Location

La Jolla, CA

Start Date

1979 12:00 AM

Description

One of the principal characteristics of the inspection of ceramic materials is the small size of the critical defects involved. In order to meet this challenge, either very high frequency techniques must be developed or conventional (low frequency) techniques must be used in special ways. This paper addresses the latter approach by investigating the use of commercial transducers combined with focusing techniques in a water bath at frequencies in the range of 5 to 20 MHz as well as signal analysis techniques using plane waves in the 30 to 40 MHz range using special order commercial transducers. Although the high velocity of sound in the ceramics used (silicon nitride) put some restrictions on the numerical aperture which could be obtained with acoustic lenses, a focused beam ultrasonic system for use in a water bath was designed and used to produce maps which showed the location and reflecting power of defects in flat ceramic specimens. Subsequent analysis of the reflectors discovered by this focused beam system was carried out by a hand-held ultrasonic probe which irradiated the sample with plane waves. By performing Fourier analysis of the echo signals from the "defects" and comparing the frequency spectrum observed with calculated spectra, it was possible to estimate the effective spherical size of the scattering objects. Analysis of the frequency dependence of the scattered energy in the long wave length limit also provides a measure of an effective spherical volume of the scatterer but this method was found to require additional signal processing methods which will be developed at a later date.

Book Title

Proceedings of the ARPA/AFML Review of Progress in Quantitative NDE

Chapter

7. NDE for Advanced Materials

Pages

246-250

Language

en

File Format

application/pdf

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Jan 1st, 12:00 AM

Inspection of Ceramics Incorporating Size Estimation Methods Using Conventional Ultrasonics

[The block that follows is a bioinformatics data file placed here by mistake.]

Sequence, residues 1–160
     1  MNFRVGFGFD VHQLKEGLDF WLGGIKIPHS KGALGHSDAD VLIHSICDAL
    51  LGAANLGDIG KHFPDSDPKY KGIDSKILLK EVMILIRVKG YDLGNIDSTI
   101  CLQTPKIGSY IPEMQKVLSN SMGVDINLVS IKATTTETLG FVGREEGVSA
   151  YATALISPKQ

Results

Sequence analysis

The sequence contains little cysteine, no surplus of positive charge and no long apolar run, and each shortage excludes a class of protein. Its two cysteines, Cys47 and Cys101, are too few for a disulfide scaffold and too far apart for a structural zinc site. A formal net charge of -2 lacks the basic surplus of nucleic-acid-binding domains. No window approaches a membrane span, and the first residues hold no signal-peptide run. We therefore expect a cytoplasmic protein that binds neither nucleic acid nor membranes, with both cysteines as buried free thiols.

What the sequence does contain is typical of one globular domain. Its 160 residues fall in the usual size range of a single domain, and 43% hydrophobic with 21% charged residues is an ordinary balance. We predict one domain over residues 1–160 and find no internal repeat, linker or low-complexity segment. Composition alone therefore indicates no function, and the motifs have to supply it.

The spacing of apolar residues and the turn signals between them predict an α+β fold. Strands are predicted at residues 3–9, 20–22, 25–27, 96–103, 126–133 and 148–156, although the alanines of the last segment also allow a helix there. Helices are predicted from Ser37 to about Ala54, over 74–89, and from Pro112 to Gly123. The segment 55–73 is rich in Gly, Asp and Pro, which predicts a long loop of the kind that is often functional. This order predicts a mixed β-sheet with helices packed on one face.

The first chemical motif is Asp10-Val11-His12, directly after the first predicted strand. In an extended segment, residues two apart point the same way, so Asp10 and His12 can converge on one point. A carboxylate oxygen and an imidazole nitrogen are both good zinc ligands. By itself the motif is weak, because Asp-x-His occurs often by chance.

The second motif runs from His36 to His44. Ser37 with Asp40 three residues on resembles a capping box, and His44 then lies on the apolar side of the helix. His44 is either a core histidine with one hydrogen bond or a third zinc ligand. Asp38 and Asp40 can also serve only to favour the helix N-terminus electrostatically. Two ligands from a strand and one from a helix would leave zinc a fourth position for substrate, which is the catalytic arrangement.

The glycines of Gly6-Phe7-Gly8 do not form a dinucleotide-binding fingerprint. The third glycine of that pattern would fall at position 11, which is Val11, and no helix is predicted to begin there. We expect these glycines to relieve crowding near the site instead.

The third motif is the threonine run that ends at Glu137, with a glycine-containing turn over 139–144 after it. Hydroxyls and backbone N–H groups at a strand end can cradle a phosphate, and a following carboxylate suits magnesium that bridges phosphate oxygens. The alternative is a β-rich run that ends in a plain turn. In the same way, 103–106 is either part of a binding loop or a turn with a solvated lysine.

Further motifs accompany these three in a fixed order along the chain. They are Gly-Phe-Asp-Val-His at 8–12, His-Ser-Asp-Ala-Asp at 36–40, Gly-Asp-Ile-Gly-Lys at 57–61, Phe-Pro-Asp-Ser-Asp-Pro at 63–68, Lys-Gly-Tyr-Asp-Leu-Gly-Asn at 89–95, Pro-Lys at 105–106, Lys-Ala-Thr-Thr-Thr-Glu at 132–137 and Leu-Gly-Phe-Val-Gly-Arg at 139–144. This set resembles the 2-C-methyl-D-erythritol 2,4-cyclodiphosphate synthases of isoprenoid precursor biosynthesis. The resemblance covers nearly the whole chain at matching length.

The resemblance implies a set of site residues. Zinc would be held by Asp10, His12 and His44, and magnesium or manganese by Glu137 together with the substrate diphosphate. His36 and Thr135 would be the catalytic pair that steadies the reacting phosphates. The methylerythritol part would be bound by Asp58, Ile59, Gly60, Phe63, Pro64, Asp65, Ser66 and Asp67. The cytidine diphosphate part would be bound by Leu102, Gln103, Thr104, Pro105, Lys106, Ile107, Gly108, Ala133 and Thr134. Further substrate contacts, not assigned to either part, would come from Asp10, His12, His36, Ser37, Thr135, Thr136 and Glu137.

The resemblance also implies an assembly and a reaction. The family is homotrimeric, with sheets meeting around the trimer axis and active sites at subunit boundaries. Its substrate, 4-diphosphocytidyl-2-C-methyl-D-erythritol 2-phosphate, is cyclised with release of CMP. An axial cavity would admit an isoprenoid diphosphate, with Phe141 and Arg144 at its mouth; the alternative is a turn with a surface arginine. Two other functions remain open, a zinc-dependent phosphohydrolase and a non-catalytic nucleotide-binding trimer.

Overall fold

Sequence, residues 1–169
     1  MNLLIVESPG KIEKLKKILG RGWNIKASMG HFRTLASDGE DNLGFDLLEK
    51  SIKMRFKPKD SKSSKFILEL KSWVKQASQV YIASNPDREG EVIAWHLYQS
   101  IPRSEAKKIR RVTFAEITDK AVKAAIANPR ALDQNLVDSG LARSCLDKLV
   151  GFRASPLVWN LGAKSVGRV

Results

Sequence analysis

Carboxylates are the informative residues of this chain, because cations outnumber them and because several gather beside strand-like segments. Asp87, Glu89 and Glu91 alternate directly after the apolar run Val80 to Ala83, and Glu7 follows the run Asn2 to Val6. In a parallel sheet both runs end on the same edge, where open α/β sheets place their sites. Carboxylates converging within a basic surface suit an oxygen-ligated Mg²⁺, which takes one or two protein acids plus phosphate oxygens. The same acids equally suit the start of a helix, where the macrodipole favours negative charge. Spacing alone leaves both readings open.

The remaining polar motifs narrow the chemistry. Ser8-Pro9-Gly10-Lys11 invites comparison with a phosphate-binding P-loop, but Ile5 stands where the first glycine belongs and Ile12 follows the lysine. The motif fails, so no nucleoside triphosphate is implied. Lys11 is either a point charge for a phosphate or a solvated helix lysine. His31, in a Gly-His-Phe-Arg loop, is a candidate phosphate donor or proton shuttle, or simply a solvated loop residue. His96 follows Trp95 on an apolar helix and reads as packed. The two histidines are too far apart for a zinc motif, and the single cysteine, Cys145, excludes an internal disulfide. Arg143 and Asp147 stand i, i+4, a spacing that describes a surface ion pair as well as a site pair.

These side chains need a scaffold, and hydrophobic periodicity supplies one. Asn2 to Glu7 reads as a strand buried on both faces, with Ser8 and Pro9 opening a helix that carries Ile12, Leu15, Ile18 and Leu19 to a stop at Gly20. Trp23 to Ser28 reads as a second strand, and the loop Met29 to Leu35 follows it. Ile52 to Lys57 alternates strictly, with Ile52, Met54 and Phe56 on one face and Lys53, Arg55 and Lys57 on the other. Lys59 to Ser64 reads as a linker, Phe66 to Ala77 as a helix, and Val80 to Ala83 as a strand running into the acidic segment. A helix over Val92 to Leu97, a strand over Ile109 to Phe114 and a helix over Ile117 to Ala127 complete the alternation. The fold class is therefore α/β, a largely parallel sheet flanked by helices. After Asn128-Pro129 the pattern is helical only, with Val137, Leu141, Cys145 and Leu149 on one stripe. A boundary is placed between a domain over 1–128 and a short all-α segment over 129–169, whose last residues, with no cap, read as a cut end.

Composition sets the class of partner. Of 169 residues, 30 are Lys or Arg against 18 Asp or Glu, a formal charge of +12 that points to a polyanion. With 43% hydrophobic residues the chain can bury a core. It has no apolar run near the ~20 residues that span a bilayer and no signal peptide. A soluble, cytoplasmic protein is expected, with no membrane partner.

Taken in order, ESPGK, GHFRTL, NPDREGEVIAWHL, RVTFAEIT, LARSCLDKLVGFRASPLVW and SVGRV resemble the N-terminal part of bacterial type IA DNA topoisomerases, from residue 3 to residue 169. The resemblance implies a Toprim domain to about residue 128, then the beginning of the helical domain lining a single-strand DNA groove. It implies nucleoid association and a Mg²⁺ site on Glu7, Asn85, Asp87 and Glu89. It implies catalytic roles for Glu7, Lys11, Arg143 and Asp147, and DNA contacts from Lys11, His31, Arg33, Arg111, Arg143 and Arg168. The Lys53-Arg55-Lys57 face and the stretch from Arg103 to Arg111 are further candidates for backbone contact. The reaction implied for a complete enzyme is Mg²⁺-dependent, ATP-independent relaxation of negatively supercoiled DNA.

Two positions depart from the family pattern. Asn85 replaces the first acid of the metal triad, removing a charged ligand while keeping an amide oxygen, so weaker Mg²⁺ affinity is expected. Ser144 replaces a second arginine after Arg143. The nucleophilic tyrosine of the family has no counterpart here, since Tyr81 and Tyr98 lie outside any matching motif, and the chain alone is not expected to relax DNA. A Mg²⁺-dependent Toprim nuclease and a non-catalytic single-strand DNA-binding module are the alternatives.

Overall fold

La Jolla, CA

One of the principal characteristics of the inspection of ceramic materials is the small size of the critical defects involved. In order to meet this challenge, either very high frequency techniques must be developed or conventional (low frequency) techniques must be used in special ways. This paper addresses the latter approach by investigating the use of commercial transducers combined with focusing techniques in a water bath at frequencies in the range of 5 to 20 MHz as well as signal analysis techniques using plane waves in the 30 to 40 MHz range using special order commercial transducers. Although the high velocity of sound in the ceramics used (silicon nitride) put some restrictions on the numerical aperture which could be obtained with acoustic lenses, a focused beam ultrasonic system for use in a water bath was designed and used to produce maps which showed the location and reflecting power of defects in flat ceramic specimens. Subsequent analysis of the reflectors discovered by this focused beam system was carried out by a hand-held ultrasonic probe which irradiated the sample with plane waves. By performing Fourier analysis of the echo signals from the "defects" and comparing the frequency spectrum observed with calculated spectra, it was possible to estimate the effective spherical size of the scattering objects. Analysis of the frequency dependence of the scattered energy in the long wave length limit also provides a measure of an effective spherical volume of the scatterer but this method was found to require additional signal processing methods which will be developed at a later date.